Datch v Datch and Another (Civil Cause Number 11 of 2005) (11 of 2005) [2008] MWHC 24 (23 January 2008);

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JUDICIARY



IN THE HIGH COURT OF MALAWI

PRINCIPAL REGISTRY

CIVIL CAUSE NUMBER 11 OF 2005



BETWEEN:


CHRISTINA DATCH ………………………………..………PLAINTIFF


- AND -



DANIEL DATCH …………………………...…………….RESPONDENT

LIZZIE MAGELA ………………………..………..CO – RESPONDENT


CORAM: THE HONOURABLE MR JUSTICE J S MANYUNGWA

Mr Tembo, of Counsel, for the plaintiff

The Respondent – Absent

Mr Jere – Court Interpreter


J U D G E M E N T


Manyungwa, J.

This is a petition for the dissolution of the marriage between the petitioner and the respondent on the grounds that the respondent was committing adultery with the co – respondent. The petitioner in these proceedings is Christina Datch and she prays to have her marriage to Daniel Datch, the respondent, herein dissolved on the grounds of adultery. The petitioner was represented by Mr Maxwell Tembo, while the respondent neither appeared nor forwarded any reason as to why he could not appear, so I ordered after being satisfied that there was due service, for the trial to proceed. The record however shows that the respondent was represented by Lawson and Company but on the date of the hearing the lawyers did not show up.


The petitioner and the respondent were married under the Marriage Act Chapter 25:01 of the Laws of Malawi at the Office of the Registrar of Marriages at Blantyre in the Republic of Malawi on 9th March 2001 under Certificate number 5306 and after the celebration of the said marriage, the two lived and cohabited at Nkolokosa house number KS312. There is one issue of the marriage a daughter namely, Yankho Datch who was born on 15th September 2001. Both the petitioner and the respondent are Malawians resident and domiciled in Malawi and as such this court has undoubted jurisdiction to hear and determine the petition. I am satisfied on the evidence on record that there have been no previous proceedings in the High Court or any court in Malawi with reference to the marriage either by the petitioner or the respondent. This being an undefended matter I must also satisfy myself that there is no collusion between the parties. I must say that I am satisfied on the evidence on record that there is no such collusion between the parties. This is important bearing in mind, and fearing that the danger of collusion is greater in uncontested cases than contested ones.


The petitioner grounds her divorce on grounds of adultery. The evidence in support of the petition is that after the celebration of the marriage the couple lived at Nkolokosa, and that by the time of the hearing the two parties had separated in August, 2002. The petitioner told the court that she was seeking divorce against the respondent because the respondent had an affair with the co – respondent. The petitioner stated that in 2003, there was a scene, when she found the respondent with the co – respondent at Moneymen Club in Blantyre. The petitioner further testified that at the time of the hearing of these proceedings the respondent and the co – respondent were staying together at Nkolokosa at house number KS312. The petitioner further stated that at the time of the hearing the respondent was only assisting her with school fees in the amount of MK6, 500.00 which was not enough as the petitioner spends about MK30, 000.00 on the child alone per month. The petitioner therefore prayed for an order of maintenance of the child, and that her marriage to the respondent be dissolved and that she be given custody of the child. The petitioner therefore further told the court that the respondent works for National Bank of Malawi, Head Office in the Finance Department, whilst she works in Head Office Operations Department.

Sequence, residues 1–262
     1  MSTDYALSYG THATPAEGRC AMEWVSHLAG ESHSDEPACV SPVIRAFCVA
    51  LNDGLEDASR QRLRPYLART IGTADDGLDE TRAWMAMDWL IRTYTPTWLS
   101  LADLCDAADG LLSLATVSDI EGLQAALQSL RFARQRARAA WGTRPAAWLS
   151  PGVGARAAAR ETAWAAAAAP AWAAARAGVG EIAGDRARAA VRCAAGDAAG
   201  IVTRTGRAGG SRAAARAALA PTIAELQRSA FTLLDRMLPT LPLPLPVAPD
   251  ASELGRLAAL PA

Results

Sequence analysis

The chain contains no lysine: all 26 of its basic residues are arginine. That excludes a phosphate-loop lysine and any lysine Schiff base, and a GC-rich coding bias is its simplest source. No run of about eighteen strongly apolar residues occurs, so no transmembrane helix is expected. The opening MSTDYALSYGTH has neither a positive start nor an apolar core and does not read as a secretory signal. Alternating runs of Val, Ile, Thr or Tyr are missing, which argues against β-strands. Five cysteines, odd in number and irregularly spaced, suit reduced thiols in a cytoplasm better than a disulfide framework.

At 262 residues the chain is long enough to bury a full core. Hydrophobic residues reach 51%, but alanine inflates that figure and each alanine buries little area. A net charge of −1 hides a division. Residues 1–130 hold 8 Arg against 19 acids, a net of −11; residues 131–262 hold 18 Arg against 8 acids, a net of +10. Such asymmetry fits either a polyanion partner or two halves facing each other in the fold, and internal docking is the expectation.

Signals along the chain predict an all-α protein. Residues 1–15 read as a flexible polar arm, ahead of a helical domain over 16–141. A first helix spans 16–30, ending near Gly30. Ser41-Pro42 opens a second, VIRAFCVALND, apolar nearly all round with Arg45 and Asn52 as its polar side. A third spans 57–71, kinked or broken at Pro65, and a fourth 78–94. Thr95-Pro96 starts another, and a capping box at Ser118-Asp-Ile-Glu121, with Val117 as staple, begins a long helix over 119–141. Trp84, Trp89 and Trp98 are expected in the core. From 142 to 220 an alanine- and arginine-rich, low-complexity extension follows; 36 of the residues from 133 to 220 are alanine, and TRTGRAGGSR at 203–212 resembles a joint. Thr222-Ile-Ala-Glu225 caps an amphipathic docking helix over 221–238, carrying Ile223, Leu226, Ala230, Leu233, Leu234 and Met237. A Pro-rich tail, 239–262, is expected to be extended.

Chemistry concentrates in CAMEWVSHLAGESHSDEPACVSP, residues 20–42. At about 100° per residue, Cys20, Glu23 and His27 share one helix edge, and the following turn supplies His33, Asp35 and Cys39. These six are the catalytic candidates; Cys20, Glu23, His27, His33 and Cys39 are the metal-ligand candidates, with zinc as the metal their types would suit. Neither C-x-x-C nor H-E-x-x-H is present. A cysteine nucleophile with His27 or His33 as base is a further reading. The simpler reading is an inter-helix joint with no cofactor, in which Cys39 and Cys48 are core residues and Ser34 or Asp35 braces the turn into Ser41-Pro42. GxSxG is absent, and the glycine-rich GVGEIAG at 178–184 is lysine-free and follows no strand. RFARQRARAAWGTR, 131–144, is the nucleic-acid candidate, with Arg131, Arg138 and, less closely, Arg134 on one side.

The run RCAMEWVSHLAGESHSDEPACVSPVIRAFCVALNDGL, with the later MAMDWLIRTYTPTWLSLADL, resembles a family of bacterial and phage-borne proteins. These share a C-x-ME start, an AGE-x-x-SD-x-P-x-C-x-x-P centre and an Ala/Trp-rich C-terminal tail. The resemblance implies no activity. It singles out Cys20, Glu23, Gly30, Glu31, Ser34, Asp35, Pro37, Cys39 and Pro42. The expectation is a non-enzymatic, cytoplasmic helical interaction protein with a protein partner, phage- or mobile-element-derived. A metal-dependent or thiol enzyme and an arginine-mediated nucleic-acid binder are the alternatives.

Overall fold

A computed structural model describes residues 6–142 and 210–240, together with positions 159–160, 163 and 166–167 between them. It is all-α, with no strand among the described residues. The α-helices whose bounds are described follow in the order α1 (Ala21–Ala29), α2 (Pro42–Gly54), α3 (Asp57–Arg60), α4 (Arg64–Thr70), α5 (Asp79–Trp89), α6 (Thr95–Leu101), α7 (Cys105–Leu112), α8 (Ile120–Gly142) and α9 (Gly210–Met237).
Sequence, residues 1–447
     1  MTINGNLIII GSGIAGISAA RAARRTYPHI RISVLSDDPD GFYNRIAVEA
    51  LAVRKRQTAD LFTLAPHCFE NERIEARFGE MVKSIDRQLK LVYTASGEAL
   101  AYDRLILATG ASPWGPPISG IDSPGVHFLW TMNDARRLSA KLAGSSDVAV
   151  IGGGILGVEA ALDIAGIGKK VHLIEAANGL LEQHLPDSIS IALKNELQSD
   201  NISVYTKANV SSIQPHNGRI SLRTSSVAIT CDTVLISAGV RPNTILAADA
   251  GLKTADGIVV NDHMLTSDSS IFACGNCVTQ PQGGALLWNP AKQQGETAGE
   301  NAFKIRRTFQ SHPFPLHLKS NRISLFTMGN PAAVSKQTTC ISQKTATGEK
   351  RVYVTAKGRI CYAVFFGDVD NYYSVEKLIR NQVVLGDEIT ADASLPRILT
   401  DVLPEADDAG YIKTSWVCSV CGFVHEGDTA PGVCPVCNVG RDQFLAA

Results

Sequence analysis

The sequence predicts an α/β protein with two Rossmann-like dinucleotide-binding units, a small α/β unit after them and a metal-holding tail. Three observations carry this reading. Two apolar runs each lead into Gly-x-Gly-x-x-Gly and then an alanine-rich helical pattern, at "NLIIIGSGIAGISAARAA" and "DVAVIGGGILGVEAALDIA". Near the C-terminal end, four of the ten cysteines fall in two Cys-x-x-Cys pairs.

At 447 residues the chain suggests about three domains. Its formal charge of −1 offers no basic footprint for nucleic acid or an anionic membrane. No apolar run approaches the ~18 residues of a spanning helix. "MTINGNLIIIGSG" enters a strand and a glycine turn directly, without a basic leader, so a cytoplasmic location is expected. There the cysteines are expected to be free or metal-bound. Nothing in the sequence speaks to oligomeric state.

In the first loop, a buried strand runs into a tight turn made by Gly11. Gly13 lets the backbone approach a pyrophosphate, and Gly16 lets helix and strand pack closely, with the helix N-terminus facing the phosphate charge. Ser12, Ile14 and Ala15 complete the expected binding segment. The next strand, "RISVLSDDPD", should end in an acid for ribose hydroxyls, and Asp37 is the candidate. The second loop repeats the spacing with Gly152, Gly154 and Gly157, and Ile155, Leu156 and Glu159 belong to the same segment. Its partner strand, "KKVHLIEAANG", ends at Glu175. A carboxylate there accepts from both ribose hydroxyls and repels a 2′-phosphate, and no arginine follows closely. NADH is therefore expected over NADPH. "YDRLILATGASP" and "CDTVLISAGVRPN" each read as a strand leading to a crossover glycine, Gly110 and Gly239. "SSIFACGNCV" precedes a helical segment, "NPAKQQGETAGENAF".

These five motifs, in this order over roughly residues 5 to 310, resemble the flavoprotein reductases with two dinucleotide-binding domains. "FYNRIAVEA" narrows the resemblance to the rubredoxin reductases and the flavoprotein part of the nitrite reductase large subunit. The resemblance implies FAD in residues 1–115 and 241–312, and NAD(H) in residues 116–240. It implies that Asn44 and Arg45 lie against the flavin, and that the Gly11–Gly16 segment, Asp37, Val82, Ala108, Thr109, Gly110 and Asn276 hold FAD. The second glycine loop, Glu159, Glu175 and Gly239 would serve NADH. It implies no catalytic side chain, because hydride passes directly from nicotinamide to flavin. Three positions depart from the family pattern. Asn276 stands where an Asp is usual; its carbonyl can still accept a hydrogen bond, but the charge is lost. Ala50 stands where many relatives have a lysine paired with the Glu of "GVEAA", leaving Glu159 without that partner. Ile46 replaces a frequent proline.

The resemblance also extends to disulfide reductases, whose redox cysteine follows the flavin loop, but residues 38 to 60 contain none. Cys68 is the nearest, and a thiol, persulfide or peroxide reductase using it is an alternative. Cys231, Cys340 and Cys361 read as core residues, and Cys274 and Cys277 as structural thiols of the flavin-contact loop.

This was the evidence before me and despite the fact that the respondent and co – respondent were served with the notice of petition and notice of hearing on two occasions, they never bothered to attend the hearing nor gave any reason as to why they could not attend.


THE LAW

Adultery is defined as sexual intercourse between two persons of whom one or both are married but who are not married to each other. In order that adultery should constitute a good ground for a complaint therefore, the respondent must have had sexual intercourse with someone other than the petitioner since the celebration of the marriage. According to the case of Bastable V Bastable1 the standard of proof is that of a degree of probability commensurate with the occasion. Further Section 5 of the divorce Act provides for the grounds for divorce. The said section is in the following terms:-


S5 “A petition for divorce may be presented to the court

either by the husband or the wife on the ground that

  1. Has since the celebration of the marriage committed adultery or…”


In the case of Munthali V Munthali and Kalilani2 the petitioner one Felix Munthali sought a divorce from his wife Catherine Munthali, the respondent herein on the ground of her adultery with the co – respondent namely Gerald Kalilani. The facts of the case were that at the time when the parties’ marriage was troubled and they frequently quarrelled, the petitioner discovered a letter written by his wife, the respondent, to the co – respondent in which she appeared to refer to past acts of adultery with him and addressed him in loving terms, though not by name. When confronted with the letter, she admitted having written it, said that she was in love with the co –respondent and confessed to having committed adultery with him on several occasions. The petitioner told her that the marriage was at an end and she immediately returned to her parents’ home.